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Managers are in dire need of cybersecurity professionals with specific skills. If you’re looking to advance your career, or transfer into the cyber field, now is the time to get certified.
If you’ve been around IT for even a few minutes, you’ve likely heard the acronyms “LAN” and “WAN” used by fellow technicians. But with all of the possible variations of networks—different sizes, different arrangements, and different protocols—how do you tell the difference between a LAN and a WAN and everything in between? The simple answer is one of scope and size.
The short answer (and a common one in our industry): it depends. When comparing Cisco IOS with Juniper Junos, the decision to choose one over the other is difficult and often boils down to cost. Of course, there are other factors to consider.
Regardless of your vendor preference or your experience on the Juniper JUNOS CLI, assuming you have a point of reference to another vendor, your first thought when experiencing JUNOS is, “I have been here before.” The CLI is familiar, convenient, and polished. The similarities between JUNOS CLI and another CLI such as Cisco’s IOS are not what I want to focus on here however; it is their differences I want to focus on. But first, when you connect to a JUNOS powered device and access Operational Mode (see Brad Wilson’s blog post Introduction to Juniper Junos), it looks very much like the User EXEC Mode in IOS. In fact, there are a lot of JUNOS commands that are very much like the IOS User EXEC Mode commands.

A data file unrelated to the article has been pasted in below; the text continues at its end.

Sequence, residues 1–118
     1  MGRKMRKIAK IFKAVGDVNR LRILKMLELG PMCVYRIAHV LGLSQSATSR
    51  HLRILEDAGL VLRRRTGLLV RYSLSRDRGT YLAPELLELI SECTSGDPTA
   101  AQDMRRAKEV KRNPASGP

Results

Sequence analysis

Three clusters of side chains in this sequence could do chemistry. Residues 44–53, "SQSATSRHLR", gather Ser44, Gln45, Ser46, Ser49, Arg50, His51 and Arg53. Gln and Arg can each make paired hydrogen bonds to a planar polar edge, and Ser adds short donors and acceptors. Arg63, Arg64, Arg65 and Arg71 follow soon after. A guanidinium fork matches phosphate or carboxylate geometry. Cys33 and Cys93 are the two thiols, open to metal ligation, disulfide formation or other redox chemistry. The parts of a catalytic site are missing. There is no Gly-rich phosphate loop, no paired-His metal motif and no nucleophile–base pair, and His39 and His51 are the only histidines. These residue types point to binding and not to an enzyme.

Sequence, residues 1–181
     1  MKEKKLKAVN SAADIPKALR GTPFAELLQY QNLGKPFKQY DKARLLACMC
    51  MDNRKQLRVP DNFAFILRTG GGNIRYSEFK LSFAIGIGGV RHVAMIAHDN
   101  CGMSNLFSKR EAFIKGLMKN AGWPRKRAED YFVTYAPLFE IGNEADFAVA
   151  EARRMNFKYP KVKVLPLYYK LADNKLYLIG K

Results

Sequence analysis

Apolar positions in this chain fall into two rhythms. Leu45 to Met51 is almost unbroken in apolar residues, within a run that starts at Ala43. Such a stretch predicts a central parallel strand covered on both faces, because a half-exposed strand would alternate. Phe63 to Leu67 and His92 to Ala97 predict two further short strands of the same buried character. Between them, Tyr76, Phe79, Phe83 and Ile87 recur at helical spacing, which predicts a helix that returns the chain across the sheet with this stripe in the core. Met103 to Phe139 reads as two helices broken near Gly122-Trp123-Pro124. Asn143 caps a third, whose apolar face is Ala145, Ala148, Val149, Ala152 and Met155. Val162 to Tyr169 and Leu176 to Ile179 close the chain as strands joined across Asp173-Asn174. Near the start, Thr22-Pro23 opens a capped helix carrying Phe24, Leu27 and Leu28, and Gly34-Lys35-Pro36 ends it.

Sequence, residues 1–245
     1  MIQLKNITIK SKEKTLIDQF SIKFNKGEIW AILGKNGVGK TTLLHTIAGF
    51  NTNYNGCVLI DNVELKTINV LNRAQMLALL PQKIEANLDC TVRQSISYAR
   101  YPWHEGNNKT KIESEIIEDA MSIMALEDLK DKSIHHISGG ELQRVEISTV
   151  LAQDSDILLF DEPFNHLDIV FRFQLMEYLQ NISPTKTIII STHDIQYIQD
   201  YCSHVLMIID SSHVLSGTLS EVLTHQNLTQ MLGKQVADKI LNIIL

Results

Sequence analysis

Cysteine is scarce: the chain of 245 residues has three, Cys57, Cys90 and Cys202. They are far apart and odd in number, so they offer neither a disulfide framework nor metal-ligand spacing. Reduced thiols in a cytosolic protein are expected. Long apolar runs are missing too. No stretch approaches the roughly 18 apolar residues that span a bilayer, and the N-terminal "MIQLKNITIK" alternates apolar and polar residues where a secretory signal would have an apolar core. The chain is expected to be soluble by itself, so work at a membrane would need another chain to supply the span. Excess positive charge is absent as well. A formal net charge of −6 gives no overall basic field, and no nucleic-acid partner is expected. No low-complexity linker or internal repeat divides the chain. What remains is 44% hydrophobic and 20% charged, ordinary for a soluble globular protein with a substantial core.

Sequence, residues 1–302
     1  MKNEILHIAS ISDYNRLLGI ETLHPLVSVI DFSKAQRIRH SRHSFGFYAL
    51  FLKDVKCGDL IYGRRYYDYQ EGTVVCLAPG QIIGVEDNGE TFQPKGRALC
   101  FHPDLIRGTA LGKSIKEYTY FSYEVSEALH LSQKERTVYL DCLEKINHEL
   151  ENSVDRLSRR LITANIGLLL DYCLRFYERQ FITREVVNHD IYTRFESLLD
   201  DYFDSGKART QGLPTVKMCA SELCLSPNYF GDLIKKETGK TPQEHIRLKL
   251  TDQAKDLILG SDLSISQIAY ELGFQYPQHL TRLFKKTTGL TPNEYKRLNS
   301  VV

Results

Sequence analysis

None of us have much time to waste, so what can you do when your environment changes quickly and you need to come up to speed on a device that you have never seen before? You find the quickest way to bring yourself up to speed. Some of you will have experience with other vendors’ equipment, and some of you will not have much experience at all; therefore, we will focus on topics that will get your feet wet the quickest and have you talking Junos in no time.